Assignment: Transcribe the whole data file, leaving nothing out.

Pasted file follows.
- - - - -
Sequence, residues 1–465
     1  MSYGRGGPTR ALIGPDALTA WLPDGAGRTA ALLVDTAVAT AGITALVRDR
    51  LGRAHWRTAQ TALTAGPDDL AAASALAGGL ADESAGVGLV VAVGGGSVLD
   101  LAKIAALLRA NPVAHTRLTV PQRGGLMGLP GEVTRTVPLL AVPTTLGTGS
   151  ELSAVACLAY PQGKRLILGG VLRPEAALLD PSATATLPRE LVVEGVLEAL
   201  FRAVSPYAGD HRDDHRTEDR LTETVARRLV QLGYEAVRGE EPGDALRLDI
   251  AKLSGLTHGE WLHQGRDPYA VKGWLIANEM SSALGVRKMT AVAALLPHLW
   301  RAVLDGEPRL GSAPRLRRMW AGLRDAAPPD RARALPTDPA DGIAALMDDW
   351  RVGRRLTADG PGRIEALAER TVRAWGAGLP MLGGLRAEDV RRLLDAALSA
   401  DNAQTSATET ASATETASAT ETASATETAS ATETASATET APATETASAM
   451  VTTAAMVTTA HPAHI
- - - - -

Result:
Sequence, residues 1–465
     1  MSYGRGGPTR ALIGPDALTA WLPDGAGRTA ALLVDTAVAT AGITALVRDR
    51  LGRAHWRTAQ TALTAGPDDL AAASALAGGL ADESAGVGLV VAVGGGSVLD
   101  LAKIAALLRA NPVAHTRLTV PQRGGLMGLP GEVTRTVPLL AVPTTLGTGS
   151  ELSAVACLAY PQGKRLILGG VLRPEAALLD PSATATLPRE LVVEGVLEAL
   201  FRAVSPYAGD HRDDHRTEDR LTETVARRLV QLGYEAVRGE EPGDALRLDI
   251  AKLSGLTHGE WLHQGRDPYA VKGWLIANEM SSALGVRKMT AVAALLPHLW
   301  RAVLDGEPRL GSAPRLRRMW AGLRDAAPPD RARALPTDPA DGIAALMDDW
   351  RVGRRLTADG PGRIEALAER TVRAWGAGLP MLGGLRAEDV RRLLDAALSA
   401  DNAQTSATET ASATETASAT ETASATETAS ATETASATET APATETASAM
   451  VTTAAMVTTA HPAHI